Dwarkadhish Temple is one of the four major pilgrimages of the Hindus. Located at Dwarka in Gujarat, the temple is connected by regular buses from various towns and cities in Gujarat. The nearest airport is located at Jamnagar that lies at a distance of 146 kms from Dwarka. The city of Dwarka is regarded as the 'Gateway to Moksha (Salvation)'. The term 'Dwarkadish' refers to Lord Krishna, who is regarded as the "Lord of Dwarka".
In the main shrine, the central altar embraces the idol of Lord
Dwarkadheesh. The image is presented in the form of four-armed Vishnu
(Lord Krishna is the incarnation of Lord Vishnu) known as Trivikrama.
Apart from this main idol, there are idols of Baldevaji (Balrama),
Pradyumna and Aniruddha (grandsons of Lord Krishna) too. There is a
small shrine dedicated to Kuseswara Mahadeva (Shiva) also. Besides
these, there are shrines dedicated to Devaki (mother of Lord Krishna),
Veni-madhava (Lord Vishnu), Radhika, Jambuvati, Satyabhama, Lakshmi,
Saraswati and Lakshmi-Narayan in the temple complex.
In the temple, worship or puja is conducted by Aboti Brahmins (a
particular caste of Brahmins, who have been performing pooja for
centuries). Every day, Arti is performed at regular intervals and
'abhishek' (bathing ceremony) is done. The Lord is decked in new
clothes, jewels and flowers. Janmashtami is the major festival that is
celebrated at Dwarkadhish Temple. At the time of festival, the entire
temple is festooned with lights. Every year, the temple witness millions
of devotees and pilgrims, who come to seek salvation, with the blessings
of the Lord.
Legend behind the Idol
There is a legend behind the idol of Lord Dwarkadhish in the temple.
Badana, an old devotee, used to come daily from Dakor to Dwarka, in
order to have a glimpse of the Lord Dwarkadhish. The Lord was really
appeased with her and one day, he went along with Badana to Dakor, in
the form of idol. The priests at Dwarka temple got angry at Badana, who
took the idol according to them. The enraged priests chased Badana to
get back the idol. Badana convinced the priests to leave the idol
instead of gold.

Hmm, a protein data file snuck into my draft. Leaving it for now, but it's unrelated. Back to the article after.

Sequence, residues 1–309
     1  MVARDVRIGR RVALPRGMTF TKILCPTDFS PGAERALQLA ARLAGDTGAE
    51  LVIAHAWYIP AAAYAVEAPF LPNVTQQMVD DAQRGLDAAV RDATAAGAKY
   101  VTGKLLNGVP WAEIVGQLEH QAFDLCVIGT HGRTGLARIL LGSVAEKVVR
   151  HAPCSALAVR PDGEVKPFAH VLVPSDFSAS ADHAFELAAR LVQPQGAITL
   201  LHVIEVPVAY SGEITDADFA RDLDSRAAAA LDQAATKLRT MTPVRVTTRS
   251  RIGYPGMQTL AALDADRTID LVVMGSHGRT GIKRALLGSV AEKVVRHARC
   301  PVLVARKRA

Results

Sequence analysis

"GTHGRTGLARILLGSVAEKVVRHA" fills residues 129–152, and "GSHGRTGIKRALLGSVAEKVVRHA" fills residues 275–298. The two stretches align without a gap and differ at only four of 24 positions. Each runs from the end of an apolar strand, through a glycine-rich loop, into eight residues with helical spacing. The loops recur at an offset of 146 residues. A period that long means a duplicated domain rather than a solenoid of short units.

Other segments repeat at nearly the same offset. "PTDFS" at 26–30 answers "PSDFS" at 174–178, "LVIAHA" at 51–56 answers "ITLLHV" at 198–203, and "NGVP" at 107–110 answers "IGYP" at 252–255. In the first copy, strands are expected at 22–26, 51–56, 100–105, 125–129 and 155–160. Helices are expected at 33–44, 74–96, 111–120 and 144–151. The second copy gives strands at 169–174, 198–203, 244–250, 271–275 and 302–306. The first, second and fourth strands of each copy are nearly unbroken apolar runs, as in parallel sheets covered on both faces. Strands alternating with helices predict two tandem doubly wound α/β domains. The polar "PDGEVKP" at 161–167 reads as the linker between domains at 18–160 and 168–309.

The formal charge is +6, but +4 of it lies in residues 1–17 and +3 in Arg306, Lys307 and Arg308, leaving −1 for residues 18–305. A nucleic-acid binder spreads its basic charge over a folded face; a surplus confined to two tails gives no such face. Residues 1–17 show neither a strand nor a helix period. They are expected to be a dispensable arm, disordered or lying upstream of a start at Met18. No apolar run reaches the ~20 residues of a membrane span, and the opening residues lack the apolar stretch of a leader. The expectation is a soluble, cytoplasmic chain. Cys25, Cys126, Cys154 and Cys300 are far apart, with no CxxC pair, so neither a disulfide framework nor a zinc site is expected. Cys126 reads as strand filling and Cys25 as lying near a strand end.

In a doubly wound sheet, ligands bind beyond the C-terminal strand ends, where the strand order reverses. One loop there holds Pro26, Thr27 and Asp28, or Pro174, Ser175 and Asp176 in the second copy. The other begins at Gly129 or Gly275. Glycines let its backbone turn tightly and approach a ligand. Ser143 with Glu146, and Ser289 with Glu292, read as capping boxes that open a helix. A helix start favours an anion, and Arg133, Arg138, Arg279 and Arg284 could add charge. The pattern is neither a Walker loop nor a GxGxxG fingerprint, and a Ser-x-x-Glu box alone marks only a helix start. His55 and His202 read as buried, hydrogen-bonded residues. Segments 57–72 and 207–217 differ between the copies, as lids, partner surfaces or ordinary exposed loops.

The priests agreed upon the condition and to their surprise, the idol
happened to be as light as one nose-ring. This miracle was done by the
Lord himself, as he knew Badana had only a nose-ring to offer. However,
the Lord didn't disappoint the priests and said that they would find a
replica on a particular day. The priests could not resist their
inquisitiveness and excavated the recommended site quite early. They
found one yet to grow idol that is presently enshrined at Dwarka.
Around 5000 years ago, Dwarka is believed to have been built by Lord
Krishna himself. As per the 'Harivansh' (an appendix to the
Mahabharata), Dwarka was positioned on the bank of Gomati River. This
holy city is said to have been the abode of Lord Krishna, for more or
less 100 years, during his lifetime. Dwarka is assumed to have been
immersed in the sea, when the Lord returned to his divine world.
In the early eighties, archeological department revealed that the entire
coast of western India sank by nearly 40 feet around 1500 B.C. The
present temple is expected not to be older than the Mughal period. The
inscriptions on the pillars date back to the 15th century. Necessarily,
the ancient temple had been there, but it was possibly destroyed by
Mohmud Begada in 1473 AD. The current structure must have been erected
during the period of Mughal Emperor, Akbar.
The majestic five-storied structure of Dwarkadhish Temple stands high on
the confluence of Gomati River and Arabian Sea. Built with the support
of 72 pillars, Dwarkadhish Mandir presents a sight to behold. Elevated
to the height of 78.3 meters, the spire of temple dominates the skyline
of Dwarka. An eighty-four foot long multicolored flag, adorned with the
symbols of the sun and moon, waves from the dome of temple. It is said
that originally the temple was built over the 'Hari-Griha' (Lord
Krishna's residential place) by Vajranabha, the grandson of Lord
Dating back to 2500 years, Jagat Mandir (Nija Mandir) makes the sanctum
sanctorum of Dwarkadheesh Temple. It comprises a soaring tower and a
hall of audience. The audience hall is comprised of both, ancient and
existing sculptures. The temple can be entered by two doorways. The main
doorway (north entrance) is known as "Moksha Dwara" (Door to
Salvation), whereas the southern doorway is called as "Swarga Dwara"
(Gate to Heaven). The outer side of this doorway has 56 steps that take
to the Gomati River.